World Science Scholars
18.3 Distant Spaceflight
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Dennis Thompson
I don't see how you got (1+10^18) onto the left side in going from the second form of equation to the third.
Dennis Thompson
I don't see how you got (1+10^18) onto the left side in going from the second form of the equation to the third.
Martin Spina
I love this course and I understand it, and see the logic, nonetheless I find it fascinating that if another ship travelling in the opposite direction at much slower speed, they will of course say the distance and travel time is different than their space-travelling counterparts, even when crossing one another in a very close fly-by. This seems to imply that space can be severely ‘distorted’, for the lack of a better word, in one very local space, dependent upon the traveller’s speed/perspective, which says something very interesting about space existing in multiple configurations simultaneously. I guess it is not distortion, but more perspective being in the eye of the beholder. Incredible.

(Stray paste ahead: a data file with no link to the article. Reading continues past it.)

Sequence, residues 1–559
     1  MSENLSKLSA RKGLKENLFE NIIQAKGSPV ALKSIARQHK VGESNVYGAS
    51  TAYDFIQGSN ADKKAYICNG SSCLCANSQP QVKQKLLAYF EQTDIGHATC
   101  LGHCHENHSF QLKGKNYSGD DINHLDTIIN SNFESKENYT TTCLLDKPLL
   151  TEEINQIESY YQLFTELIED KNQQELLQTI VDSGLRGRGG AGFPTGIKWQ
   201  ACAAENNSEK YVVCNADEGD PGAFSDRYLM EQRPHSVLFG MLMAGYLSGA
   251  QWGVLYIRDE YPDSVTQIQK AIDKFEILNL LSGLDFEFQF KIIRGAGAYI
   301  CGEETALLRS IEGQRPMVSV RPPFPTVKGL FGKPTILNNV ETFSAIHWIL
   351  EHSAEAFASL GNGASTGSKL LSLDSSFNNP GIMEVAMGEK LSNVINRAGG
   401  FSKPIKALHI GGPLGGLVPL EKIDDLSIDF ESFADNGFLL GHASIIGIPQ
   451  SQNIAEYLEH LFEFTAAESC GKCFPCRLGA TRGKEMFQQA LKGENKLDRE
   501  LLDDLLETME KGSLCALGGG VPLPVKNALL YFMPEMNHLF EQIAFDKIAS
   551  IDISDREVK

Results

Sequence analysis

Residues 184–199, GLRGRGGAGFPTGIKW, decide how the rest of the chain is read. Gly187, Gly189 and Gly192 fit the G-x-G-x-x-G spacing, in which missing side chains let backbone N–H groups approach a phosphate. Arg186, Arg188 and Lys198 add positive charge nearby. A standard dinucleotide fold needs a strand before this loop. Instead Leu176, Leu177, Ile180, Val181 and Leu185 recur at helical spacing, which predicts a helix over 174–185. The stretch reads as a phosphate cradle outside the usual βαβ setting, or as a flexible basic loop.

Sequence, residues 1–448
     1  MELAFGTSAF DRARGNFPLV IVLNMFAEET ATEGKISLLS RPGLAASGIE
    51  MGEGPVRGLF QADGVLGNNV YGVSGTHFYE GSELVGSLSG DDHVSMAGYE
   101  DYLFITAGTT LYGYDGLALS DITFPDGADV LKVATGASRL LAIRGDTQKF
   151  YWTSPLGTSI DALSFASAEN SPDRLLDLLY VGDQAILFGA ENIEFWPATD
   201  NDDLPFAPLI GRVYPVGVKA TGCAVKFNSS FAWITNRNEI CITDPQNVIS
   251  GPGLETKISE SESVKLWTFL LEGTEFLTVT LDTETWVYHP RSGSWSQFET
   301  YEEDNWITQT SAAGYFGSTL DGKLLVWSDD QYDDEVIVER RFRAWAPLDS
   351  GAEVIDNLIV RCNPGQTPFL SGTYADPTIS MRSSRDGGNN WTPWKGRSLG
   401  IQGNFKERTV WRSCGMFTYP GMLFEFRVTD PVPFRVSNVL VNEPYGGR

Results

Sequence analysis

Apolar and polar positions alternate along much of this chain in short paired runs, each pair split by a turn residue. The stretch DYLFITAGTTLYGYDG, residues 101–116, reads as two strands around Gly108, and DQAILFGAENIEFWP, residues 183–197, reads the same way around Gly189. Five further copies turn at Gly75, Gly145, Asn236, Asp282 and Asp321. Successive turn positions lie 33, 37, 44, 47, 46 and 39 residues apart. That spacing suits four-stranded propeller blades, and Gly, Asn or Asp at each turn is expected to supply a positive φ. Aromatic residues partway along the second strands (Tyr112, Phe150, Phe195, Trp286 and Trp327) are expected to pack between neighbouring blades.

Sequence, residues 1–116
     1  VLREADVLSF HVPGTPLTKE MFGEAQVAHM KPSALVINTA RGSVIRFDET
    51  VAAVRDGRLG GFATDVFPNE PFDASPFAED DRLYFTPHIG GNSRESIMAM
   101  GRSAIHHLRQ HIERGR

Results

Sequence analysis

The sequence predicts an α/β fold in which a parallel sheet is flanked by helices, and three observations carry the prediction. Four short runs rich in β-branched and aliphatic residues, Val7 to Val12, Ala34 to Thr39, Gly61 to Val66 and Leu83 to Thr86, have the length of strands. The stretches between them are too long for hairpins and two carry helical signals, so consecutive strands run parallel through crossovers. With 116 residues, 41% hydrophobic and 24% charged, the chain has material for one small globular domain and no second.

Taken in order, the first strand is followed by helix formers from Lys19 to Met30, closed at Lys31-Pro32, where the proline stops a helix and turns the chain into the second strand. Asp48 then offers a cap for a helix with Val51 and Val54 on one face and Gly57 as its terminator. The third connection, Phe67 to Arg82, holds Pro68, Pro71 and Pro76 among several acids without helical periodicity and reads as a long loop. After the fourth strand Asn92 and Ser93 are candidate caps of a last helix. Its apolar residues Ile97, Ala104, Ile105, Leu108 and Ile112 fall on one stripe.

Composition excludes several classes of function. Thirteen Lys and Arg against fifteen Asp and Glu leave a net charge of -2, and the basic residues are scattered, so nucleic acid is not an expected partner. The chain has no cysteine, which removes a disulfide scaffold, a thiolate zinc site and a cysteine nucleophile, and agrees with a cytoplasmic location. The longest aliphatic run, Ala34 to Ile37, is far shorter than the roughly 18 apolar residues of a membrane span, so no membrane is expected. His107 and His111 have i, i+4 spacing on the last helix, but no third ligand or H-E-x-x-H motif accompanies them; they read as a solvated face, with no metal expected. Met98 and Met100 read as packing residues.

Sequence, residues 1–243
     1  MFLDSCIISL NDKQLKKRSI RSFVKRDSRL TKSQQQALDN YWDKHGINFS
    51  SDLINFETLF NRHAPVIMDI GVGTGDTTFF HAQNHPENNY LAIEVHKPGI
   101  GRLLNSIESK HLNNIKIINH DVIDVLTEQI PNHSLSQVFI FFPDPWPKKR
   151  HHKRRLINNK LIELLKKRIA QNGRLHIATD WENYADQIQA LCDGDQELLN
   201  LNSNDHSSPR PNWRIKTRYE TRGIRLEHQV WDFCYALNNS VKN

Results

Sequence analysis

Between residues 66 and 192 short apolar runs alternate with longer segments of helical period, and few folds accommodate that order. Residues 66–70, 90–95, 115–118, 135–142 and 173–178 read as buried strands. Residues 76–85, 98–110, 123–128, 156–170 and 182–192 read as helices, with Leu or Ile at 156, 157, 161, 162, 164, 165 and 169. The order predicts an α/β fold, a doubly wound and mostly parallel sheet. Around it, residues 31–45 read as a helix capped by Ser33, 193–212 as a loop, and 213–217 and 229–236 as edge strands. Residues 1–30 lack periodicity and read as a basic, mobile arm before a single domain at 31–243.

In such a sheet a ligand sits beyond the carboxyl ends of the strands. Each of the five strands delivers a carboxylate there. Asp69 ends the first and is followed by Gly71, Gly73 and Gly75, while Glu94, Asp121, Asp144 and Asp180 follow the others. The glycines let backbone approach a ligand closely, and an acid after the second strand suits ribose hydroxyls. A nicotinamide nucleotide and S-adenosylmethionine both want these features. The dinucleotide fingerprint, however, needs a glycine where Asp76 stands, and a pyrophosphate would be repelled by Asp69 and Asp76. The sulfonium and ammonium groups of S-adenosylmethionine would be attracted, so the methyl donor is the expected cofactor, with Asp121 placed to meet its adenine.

Martin Spina
Sorry, double post.
Martin Spina
He put c^2 as a common denominator on the right hand side, then brought the 10^18 x v^2, with sign change to the left hand side =, factoring out V^2 from both terms now on the left hand side. What remains on the right hand side is (c^2)x10^18.
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